Dating Violence, like domestic violence, is a pattern of forceful behavior that is used by one person to gain power and control over another.
ASK YOURSELF: Does my Boyfriend or Girlfriend…
- Call or text all the time to find out where I am, who I am with, or what I am doing?
- Track me through Facebook, MySpace, FourSquare, etc.
- Tell me what to wear?
- Have to be with me all the time?
- Call me names? Put me down?
- Insult or criticize me constantly?
- Act jealous or possessive?
- Give me orders? Tell me what to do all the time?
- Make all the decisions?
- Threaten to hurt me, or someone in my family, if I don’t do what they want?
- Get angry quickly or fight a lot?
- Blame me when something goes wrong?
- Follow and/or track me?
- Check up on me all the time?
- Refuse to allow me normal contact with friends and/or family?
- Shove, push, punch, slap, pinch, kick, or hit me?
- Touch or kiss me when I don’t want to?
- Force me to have sex? Not let me use birth control?
- Pressure me to use alcohol or drugs with them?
- Encourages me to engage in activities I am uncomfortable with (i.e. sexting, cybersex, etc.)
- Refuse to accept that the relationship isn’t working or is over?
If the answer to one or more of these questions is YES, you might be in an abusive relationship, and WE CAN HELP.
You don’t need parent permission to call!!!
What You Can Do About It:
If you are in an abusive relationship, it’s probably going to get worse rather than get any better. You deserve to be in a healthy, happy relationship that meets your needs. It’s not always easy to get out of an abusive relationship, but the following suggestions may help…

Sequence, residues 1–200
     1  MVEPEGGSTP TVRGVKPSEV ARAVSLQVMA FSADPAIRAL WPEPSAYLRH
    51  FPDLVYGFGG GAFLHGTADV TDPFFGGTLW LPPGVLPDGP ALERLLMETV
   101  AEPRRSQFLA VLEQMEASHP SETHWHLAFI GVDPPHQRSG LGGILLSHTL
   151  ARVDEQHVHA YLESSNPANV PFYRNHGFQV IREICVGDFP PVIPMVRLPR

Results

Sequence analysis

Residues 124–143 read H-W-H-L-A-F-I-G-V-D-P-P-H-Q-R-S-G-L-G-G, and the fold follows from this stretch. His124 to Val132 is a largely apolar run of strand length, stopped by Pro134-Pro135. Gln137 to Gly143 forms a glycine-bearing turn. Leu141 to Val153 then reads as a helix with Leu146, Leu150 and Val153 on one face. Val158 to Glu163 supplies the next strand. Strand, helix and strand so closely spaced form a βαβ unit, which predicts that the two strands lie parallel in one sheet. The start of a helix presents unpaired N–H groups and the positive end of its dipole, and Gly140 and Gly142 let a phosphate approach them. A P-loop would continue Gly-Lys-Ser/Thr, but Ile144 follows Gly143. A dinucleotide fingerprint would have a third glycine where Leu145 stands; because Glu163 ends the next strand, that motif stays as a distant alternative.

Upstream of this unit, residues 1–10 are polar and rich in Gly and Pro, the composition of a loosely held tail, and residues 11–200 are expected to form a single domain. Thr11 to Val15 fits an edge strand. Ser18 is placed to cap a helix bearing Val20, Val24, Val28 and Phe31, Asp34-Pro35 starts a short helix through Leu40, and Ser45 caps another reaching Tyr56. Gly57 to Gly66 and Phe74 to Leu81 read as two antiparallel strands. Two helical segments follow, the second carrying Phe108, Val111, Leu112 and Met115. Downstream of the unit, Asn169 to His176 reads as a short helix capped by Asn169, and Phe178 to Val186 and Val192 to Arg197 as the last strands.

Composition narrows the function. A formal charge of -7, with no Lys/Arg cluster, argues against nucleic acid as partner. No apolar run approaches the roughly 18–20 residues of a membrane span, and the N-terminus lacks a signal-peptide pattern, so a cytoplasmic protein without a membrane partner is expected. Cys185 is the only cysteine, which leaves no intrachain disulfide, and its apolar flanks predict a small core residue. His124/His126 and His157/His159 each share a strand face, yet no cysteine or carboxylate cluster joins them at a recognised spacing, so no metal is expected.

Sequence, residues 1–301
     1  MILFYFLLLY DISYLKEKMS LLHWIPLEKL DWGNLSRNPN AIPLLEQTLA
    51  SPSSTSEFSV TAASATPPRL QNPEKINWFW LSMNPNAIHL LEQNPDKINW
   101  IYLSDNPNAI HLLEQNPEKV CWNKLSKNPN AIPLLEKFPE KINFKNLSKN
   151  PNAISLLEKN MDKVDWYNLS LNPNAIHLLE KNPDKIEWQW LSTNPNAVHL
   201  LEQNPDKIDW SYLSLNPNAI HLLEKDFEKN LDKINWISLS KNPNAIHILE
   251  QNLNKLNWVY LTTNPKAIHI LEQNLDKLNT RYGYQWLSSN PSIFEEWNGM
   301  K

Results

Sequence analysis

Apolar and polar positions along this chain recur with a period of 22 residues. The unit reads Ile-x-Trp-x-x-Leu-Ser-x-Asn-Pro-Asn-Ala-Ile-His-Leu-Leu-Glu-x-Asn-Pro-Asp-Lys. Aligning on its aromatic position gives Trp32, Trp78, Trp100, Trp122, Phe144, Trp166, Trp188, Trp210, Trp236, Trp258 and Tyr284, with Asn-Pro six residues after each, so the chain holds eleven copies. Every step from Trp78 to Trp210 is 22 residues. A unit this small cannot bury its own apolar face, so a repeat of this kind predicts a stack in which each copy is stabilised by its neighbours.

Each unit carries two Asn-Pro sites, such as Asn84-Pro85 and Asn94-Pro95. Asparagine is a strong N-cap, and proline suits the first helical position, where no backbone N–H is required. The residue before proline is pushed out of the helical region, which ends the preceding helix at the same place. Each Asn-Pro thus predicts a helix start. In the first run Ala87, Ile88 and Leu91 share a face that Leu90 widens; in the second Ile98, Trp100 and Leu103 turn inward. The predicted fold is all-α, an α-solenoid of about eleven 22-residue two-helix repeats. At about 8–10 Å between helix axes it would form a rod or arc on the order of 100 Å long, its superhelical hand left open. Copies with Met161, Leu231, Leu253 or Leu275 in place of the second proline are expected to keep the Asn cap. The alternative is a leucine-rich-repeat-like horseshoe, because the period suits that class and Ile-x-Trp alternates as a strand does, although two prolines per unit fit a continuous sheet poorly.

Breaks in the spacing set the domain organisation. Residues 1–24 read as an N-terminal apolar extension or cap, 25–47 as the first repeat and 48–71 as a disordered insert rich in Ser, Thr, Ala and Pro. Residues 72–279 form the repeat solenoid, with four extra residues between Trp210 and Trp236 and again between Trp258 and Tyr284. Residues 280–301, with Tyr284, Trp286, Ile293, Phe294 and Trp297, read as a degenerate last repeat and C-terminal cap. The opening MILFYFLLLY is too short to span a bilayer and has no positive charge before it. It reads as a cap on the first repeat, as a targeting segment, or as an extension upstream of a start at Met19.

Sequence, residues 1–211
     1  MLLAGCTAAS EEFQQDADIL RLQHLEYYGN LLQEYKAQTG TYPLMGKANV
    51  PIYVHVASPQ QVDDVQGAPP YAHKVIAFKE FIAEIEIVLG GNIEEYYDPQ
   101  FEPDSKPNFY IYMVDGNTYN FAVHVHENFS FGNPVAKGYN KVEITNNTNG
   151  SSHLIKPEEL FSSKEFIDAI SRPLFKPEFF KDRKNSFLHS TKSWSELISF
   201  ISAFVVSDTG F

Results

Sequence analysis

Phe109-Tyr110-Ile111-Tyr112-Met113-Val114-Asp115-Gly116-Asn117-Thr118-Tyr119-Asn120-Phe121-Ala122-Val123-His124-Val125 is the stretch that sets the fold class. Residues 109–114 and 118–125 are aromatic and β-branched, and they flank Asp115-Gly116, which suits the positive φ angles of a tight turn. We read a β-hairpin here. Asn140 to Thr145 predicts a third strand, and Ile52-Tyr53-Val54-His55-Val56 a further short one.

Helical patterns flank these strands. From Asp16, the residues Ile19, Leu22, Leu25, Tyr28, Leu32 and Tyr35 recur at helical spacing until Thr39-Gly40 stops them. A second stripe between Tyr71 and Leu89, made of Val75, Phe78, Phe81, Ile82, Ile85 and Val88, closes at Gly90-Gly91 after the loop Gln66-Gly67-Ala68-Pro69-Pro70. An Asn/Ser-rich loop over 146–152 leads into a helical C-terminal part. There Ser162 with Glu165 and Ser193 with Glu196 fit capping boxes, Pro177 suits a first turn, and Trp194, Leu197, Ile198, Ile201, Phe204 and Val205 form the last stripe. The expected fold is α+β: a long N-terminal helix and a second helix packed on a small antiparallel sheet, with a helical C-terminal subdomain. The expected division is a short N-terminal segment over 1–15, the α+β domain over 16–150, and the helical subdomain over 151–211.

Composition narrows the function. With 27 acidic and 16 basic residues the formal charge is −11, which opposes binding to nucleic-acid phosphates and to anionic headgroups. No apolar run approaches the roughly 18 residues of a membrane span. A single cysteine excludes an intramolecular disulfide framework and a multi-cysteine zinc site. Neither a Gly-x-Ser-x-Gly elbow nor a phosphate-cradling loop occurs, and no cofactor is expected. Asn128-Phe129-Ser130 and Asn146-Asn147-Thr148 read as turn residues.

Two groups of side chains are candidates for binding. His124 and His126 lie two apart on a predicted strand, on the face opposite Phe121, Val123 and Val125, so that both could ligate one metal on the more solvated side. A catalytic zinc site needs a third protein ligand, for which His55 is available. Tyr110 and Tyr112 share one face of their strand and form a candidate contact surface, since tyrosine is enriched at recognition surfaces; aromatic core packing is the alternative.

- Call 911 if you are in immediate danger.
- Trust your instincts—you are the best judge of your own safety.
- Get help from Voices Against Violence—We can help you make a safety plan, give you information about NH laws, make referrals to other services, and support you when you just need someone to listen.
- Tell someone you trust—a close friend, a family member. They may be able to support you and watch out for you.
- Develop a safety plan—what are you going to do when you see the abuser at school, at work, or in social situations?
- Keep a log of the abuse—when the abuser contacts you or follows you, what s/he says or does.
What Kind of Help Can You Expect?
An advocate is a person who can assist and support you and your needs. An advocate is also a person who understands the dynamics of abusive relationships.
The different types of advocacy at home, school or in the community are:
- 24-Hour Teen Hotline: 603-536-1659 or 1-877-221-6176
- Emotional Support
- Hospital Accompaniment
- Teen Crisis Counseling
- Safety Planning
Don’t be afraid to call us for more information on getting the assistance you need in order to be safe and free from abuse.